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Gimbal Suspended Cooling Piston

IP.com Disclosure Number: IPCOM000052238D
Original Publication Date: 1981-May-01
Included in the Prior Art Database: 2005-Feb-11
Document File: 2 page(s) / 34K

Publishing Venue

IBM

Related People

Otte, WC: AUTHOR [+2]

Abstract

A cooling piston 1 abuts an electronic module 2 and, through conducting the heat therefrom, is used to cool the module. Piston 1 is inserted in a cylinder 3 of a cooling plate or head 4. In general, the shape of piston 1 is a cylindrical body having a flat face abutting the module. A problem might occur in such a configuration if the module is tilted slightly, in which case the flat surface would not conform or have a full contact therewith. Shown in the drawing is a configuration that prevents this by allowing the face of piston 1 to abut module 2 even though there might be some slight degree of tilt. To accomplish this, the upper side wall of piston 1 has a curved or spherical configuration, allowing a slight degree of tilt.

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Gimbal Suspended Cooling Piston

A cooling piston 1 abuts an electronic module 2 and, through conducting the heat therefrom, is used to cool the module. Piston 1 is inserted in a cylinder 3 of a cooling plate or head 4.

In general, the shape of piston 1 is a cylindrical body having a flat face abutting the module. A problem might occur in such a configuration if the module is tilted slightly, in which case the flat surface would not conform or have a full contact therewith. Shown in the drawing is a configuration that prevents this by allowing the face of piston 1 to abut module 2 even though there might be some slight degree of tilt. To accomplish this, the upper side wall of piston 1 has a curved or spherical configuration, allowing a slight degree of tilt. The upper part of piston 1 is connected to a Gimbal spring 5 which in turn is connected to a cylindrical slug 6 disposed in the upper part of cylinder 3. A compression spring 7 forces slug 6 downwardly, and a pivot 8 connected to slug 6 bears against piston 1 in an axial recess therein. Thus, piston 1 is forced into contact with module 2. The Gimbal spring is connected in such a fashion as to allow piston 1 to tilt about the end of pivot 8 and thereby conform to any tilt in module 2.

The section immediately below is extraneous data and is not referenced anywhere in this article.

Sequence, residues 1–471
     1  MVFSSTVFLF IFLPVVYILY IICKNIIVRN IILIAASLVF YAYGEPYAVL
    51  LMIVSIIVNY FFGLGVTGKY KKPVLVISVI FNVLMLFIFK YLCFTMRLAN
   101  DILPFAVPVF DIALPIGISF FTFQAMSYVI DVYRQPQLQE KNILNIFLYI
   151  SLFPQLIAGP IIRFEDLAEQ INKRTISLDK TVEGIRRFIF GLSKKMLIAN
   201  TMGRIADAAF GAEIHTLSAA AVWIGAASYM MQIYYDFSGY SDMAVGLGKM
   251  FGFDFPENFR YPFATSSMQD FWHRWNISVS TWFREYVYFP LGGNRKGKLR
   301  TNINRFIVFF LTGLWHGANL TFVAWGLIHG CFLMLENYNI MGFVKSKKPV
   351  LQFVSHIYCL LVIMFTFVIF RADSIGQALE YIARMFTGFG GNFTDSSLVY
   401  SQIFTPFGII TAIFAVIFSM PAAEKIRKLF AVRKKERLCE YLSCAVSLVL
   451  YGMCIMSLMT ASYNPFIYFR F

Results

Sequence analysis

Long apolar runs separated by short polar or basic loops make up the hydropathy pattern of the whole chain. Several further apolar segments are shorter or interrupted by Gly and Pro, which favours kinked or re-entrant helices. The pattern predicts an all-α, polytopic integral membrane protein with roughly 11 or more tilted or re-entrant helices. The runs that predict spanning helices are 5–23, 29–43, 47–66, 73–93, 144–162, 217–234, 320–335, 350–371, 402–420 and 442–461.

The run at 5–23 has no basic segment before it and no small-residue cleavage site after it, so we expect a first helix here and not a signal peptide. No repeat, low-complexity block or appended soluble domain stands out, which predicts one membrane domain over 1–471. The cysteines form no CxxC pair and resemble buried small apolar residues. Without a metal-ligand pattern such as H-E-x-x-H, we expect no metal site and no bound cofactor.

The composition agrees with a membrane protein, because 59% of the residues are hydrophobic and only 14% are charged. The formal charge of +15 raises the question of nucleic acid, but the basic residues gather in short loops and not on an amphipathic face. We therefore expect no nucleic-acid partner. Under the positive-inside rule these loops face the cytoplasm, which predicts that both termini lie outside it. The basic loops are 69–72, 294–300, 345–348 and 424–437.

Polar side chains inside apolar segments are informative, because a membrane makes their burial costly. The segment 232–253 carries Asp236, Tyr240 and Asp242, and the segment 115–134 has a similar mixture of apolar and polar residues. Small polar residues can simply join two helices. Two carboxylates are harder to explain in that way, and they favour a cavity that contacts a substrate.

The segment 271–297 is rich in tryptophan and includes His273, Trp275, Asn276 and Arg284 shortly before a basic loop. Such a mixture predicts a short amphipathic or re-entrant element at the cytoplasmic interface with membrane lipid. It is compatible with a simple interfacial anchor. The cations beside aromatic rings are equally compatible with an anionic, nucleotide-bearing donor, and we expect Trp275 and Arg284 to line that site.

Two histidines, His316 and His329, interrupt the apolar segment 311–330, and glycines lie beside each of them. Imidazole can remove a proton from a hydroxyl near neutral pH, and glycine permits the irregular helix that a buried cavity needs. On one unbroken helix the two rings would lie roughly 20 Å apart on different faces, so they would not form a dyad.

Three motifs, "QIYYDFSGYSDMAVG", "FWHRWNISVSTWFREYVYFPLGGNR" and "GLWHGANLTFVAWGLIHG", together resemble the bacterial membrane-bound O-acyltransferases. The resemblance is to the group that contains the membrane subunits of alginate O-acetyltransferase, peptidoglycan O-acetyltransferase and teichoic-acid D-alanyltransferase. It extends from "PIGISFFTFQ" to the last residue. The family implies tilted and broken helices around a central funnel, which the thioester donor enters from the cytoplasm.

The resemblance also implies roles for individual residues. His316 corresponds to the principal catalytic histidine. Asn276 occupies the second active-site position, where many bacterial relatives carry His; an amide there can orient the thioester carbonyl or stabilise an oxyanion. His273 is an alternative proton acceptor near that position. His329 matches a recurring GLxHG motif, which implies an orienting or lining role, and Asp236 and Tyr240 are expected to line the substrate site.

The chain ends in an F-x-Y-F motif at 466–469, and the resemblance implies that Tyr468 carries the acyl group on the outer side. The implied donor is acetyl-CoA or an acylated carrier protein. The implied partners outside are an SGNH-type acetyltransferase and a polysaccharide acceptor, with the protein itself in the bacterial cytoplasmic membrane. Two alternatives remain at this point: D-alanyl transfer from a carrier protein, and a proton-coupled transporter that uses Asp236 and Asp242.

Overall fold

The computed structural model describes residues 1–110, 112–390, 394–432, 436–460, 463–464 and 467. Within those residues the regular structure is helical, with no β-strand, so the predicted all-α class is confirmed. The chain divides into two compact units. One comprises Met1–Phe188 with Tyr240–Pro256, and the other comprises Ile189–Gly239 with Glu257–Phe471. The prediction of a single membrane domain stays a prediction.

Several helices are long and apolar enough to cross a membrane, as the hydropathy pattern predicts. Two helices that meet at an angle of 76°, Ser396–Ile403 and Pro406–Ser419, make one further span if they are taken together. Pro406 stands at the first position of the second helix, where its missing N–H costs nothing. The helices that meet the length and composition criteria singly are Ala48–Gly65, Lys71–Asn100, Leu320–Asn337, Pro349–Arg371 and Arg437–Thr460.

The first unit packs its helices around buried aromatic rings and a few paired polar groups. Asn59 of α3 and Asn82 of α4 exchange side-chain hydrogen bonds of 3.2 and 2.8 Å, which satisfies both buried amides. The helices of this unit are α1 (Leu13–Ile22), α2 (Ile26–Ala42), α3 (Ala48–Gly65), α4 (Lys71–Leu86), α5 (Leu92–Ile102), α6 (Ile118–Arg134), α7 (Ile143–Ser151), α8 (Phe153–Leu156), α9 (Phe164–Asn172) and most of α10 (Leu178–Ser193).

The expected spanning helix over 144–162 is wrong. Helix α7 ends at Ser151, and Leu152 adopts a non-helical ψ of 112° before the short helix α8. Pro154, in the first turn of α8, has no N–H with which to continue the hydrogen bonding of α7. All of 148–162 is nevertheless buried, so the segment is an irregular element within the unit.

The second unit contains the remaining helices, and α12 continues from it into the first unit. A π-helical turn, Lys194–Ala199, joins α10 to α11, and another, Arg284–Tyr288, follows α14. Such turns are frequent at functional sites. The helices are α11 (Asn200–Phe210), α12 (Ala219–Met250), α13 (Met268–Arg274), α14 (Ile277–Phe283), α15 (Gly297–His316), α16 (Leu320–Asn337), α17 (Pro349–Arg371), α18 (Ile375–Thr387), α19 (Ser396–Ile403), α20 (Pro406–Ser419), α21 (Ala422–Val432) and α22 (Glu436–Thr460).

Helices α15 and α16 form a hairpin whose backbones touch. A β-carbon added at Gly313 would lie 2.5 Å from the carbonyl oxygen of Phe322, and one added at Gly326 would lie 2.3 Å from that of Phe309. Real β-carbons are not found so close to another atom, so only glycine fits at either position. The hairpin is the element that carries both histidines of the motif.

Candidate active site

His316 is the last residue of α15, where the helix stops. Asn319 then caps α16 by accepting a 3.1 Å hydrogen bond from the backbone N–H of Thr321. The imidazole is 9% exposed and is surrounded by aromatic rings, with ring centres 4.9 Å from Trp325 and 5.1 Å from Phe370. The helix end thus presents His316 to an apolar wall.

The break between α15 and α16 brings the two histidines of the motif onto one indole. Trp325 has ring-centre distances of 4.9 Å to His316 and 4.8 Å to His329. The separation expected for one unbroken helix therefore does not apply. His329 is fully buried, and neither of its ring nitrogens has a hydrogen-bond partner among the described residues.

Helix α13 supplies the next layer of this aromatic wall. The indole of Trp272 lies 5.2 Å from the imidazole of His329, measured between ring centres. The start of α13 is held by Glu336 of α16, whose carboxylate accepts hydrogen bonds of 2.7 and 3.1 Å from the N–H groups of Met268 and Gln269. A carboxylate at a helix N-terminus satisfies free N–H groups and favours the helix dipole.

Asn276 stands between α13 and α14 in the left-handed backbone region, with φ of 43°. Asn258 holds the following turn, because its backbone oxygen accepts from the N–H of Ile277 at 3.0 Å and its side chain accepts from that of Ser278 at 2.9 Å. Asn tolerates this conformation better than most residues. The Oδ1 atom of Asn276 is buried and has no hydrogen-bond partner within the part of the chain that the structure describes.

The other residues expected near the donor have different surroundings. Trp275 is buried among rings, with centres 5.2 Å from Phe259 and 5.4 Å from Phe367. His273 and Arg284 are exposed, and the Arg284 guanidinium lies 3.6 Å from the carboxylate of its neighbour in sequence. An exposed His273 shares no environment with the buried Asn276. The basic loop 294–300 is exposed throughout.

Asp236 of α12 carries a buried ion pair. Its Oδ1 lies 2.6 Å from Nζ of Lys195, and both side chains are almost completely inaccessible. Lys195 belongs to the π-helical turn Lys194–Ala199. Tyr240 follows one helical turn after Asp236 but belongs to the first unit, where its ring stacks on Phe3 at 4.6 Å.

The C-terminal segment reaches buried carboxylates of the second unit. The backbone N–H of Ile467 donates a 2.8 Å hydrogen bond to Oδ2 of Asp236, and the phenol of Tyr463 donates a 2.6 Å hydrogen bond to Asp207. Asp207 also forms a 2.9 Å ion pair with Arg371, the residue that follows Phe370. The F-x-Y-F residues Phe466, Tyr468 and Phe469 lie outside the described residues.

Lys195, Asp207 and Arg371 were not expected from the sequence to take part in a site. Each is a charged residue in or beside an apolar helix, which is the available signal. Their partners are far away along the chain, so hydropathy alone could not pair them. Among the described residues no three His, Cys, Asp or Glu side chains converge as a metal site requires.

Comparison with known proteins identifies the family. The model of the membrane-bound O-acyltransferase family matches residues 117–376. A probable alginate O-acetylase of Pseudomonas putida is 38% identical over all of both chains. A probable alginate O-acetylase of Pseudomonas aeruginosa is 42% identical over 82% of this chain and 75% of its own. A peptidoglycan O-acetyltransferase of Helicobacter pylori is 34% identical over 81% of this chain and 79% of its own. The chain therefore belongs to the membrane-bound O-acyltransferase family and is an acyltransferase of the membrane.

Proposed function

As an alternative (not shown), the piston could be formed with straight side walls and having a diameter slightly less than that of the cylinder so as to allow for some degree of tilt. Such piston could also be connected to a Gim...